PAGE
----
“I’m better at life than you.” Bold, huh? Those were the words Seattle Seahawks cornerback Richard Sherman hurled at ESPN’s “First Take” television host Skip Bayless on one of the show’s episodes last week.
Following Bayless’ comments that the Stanford product wasn’t in the “same class” as Jets cornerback Darrelle Revis, the Bayless-Sherman on-air debate was circled on the calendar and did not disappoint. But did Sherman cross the line?
If you watch “First Take,” you know that its two stars, Bayless and Stephen A. Smith, take the “embrace debate” ethos to heart. The show’s premise hinges on Bayless and Smith spurting out more crap than a Brooklyn sewer. They bark, yell and talk smack about professional athletes for nearly three hours a day and welcome any on-air rebuttals from the athletes themselves. So when the Seahawks’ standout cornerback fielded the offer, there was a natural expectation of verbal fireworks and a heated discussion.
What we got was a debate that quickly veered into a personal attack as Sherman wasted no time in declaring his feelings for Bayless. “Skip, whenever you refer to me, whenever you speak to me, whenever you address me, address me as ‘All-Pro Stanford graduate’ because those are some accomplishments… you’ll never accomplish.”
Wait, what? Do I have to refer to Sherman as “All-Pro Stanford graduate” too? I can understand an athlete being confident in their abilities and achievements, but to tell another person how to address you comes off as egotistical to the point of near delusion, even if it is directed at sports’ motormouth. He later described Bayless as an ignorant, pompous, egotistical cretin before proclaiming that he would “crush” Bayless “in front of everybody” because he is tired of the “ignorant pollution.”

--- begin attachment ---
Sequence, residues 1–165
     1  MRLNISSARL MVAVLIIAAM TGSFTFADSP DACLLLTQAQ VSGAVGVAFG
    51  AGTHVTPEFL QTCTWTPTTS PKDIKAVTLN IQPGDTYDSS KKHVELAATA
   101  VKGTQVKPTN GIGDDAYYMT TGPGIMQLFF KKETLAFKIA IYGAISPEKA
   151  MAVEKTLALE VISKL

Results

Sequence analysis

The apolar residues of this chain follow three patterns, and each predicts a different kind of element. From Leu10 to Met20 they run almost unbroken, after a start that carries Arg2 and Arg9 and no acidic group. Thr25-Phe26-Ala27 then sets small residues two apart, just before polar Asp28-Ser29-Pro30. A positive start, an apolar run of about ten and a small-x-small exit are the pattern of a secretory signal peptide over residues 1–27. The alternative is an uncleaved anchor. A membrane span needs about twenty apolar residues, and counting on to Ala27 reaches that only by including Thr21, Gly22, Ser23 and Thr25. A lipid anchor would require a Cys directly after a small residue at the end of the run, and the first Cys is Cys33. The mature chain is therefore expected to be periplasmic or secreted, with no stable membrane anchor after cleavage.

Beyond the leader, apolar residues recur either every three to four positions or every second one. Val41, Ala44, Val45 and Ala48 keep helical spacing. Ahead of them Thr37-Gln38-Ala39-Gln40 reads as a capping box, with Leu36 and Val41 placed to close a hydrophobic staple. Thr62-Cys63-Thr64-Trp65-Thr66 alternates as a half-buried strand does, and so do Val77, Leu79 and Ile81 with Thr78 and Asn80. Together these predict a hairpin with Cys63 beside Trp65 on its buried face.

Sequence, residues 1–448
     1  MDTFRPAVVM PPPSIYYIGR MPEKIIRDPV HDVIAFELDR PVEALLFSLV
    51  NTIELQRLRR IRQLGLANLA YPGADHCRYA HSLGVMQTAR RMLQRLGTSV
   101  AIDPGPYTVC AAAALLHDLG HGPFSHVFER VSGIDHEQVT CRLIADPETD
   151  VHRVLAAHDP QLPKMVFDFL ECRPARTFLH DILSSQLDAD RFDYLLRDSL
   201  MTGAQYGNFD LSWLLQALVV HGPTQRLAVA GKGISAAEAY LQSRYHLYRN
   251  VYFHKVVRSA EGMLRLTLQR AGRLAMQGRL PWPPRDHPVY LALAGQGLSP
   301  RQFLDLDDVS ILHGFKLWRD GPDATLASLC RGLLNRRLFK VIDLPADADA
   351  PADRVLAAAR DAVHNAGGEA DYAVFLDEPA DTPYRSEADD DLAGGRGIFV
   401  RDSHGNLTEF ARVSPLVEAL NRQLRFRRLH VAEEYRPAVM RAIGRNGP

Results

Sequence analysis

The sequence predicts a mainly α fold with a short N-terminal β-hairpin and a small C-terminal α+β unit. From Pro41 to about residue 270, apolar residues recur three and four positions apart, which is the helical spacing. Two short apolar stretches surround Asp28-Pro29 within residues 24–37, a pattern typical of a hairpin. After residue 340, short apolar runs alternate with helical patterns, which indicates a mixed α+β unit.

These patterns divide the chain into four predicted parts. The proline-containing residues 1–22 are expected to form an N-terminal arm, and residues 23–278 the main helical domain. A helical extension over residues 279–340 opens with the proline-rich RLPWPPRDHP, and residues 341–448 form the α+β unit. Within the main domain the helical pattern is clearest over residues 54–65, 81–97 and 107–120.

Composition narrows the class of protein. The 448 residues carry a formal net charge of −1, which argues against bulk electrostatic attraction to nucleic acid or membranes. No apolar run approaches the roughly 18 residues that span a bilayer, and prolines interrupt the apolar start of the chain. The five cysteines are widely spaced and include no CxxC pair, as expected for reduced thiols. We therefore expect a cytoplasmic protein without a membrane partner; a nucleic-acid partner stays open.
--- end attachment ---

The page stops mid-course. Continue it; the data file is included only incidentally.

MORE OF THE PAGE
Wow, where to begin? Number one. Bayless is certainly deserving of a portion of criticism because he does dish out numerous controversial statements and is not muzzled by ESPN. But with that said, the way Sherman came at him was largely unwarranted.
Sherman, who clearly had a “let me stir the pot” agenda, needs to take a note from Tim Duncan. Duncan is one of the most commendable athletes in sports. He is silent and lets his numbers speak for themselves. If Sherman wants to be one of the best (a constant declaration of his), he needs to learn from the best. And like the old adage goes, if you have nothing nice to say, don’t say anything at all.